You know that brand? You know— the one that got into controversies over antisemitic and racist products, their use of child labor, their massively detrimental environmental impact, their general religious insensitivity and their repeated use of illegal reproductions of artists’ works for their products? Oh, wait: that doesn’t narrow it down.
Fast fashion, as defined by sustainable brand rating system Good for You, is “cheap, trendy clothing that samples ideas from the catwalk or celebrity culture and turns them into garments in high street stores at breakneck speed to meet consumer demand.” It is driven by consumers yet ultimately rooted in a capitalist system that sees growth as the complete indicator for development. Corporations know that the best way to continue growing is through the production of cheap products, despite their destructive impact on the environment and the labor force.
How did we get to a point where clothing stores could produce massive quantities of new arrivals every week, if not every day? And why do Duke students — who claim to be pro-environment and anti-racist — buy into it?
Fast fashion reached its peak in the 1990’s with the introduction of online shopping.
In the 1990’s, the introduction of online shopping brought forth the beginning of the fast fashion industry. Since then, more and more fast fashion brands — from Princess Polly to NastyGal to Zara to Shein — have emerged. Nowadays, 36 million packages in the United States alone are delivered every day, and the rate seems to be only increasing.
Is this growth model sustainable? Ask any environmentalist, and they would say no. As a study at Princeton indicated: “The fashion industry is currently responsible for more annual carbon emissions than all international flights and maritime shipping combined.” 20% of wastewater worldwide is just from the fashion industry. Synthetic fibers, like polyester or nylon, make up 35% of the microplastics in the ocean.
Why do we consume it then? At Duke, for instance, you can see fast fashion everywhere you turn. Tops from Forever 21, pants from Shein, dresses from H&M, skirts from Zara, jackets from Amazon, accessories from Uniqlo — at a university where 69% of students come from families at the top 20% of incomes and students claim to be environmentally conscious, why do cheap, unethically made clothing items have such a strong presence among our student body?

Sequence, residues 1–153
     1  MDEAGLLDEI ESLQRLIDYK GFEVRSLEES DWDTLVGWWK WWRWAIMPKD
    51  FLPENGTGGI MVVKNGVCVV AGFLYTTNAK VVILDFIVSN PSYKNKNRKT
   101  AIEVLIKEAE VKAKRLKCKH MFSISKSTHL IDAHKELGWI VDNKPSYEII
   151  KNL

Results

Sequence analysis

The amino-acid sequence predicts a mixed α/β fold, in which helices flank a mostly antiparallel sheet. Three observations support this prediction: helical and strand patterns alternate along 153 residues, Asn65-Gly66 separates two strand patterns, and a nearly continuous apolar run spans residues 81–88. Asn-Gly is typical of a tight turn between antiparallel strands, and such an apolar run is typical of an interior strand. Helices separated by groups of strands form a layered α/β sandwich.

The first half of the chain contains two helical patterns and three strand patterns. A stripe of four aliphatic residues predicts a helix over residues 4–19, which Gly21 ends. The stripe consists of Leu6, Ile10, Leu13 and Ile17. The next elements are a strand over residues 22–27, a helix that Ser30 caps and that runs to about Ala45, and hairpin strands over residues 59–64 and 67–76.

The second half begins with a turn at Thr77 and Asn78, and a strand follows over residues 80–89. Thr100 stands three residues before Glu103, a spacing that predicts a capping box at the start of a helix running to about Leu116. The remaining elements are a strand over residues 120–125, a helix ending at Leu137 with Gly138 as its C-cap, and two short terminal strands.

There is something neurologically pleasing to fast fashion. Shopping has become compulsive. In fact, a research team from Stanford, Carnegie Mellon, and MIT found that “when they showed one of the study’s subjects a desirable object for sale, the pleasure center, or nucleus ambens, in the subject’s brain lit up. The more the person wanted the item, the more activity the fMRI detected.” As Marc Bain from the Atlantic wrote, it is “consumerism as entertainment.”
So, can we blame it all on our brains? Not necessarily. More and more slow fashion movements and influencers have popped up around the world, calling for a massive reduction in the consumption of products. Its purpose: awareness.
As research chair at Parsons, Hazel Clark, claimed, “‘It’s about the consumer becoming aware of the whole process -- from designing through production through use and through the potential reuse.’”
In spite of this, many slow fashion brands like Christy Dawn, Reformation, Tradlands, and MATE the label have remained widely inaccessible. The prices are too high for the average American, and many of the brands lack diverse representation.
How can you still support aspects of the slow fashion movement without breaking the bank? Start with accessing your consumption habits. How often are you bringing in new clothes? Where do you primarily shop from? Learn about the labor practices of the companies you support. Not to mention, thrifting is always an option that can easily fit into budgets.
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Consumption should not be taken lightly. We do not have an indefinite amount of materials to continue producing and consuming at the rate that we do. Something has to change.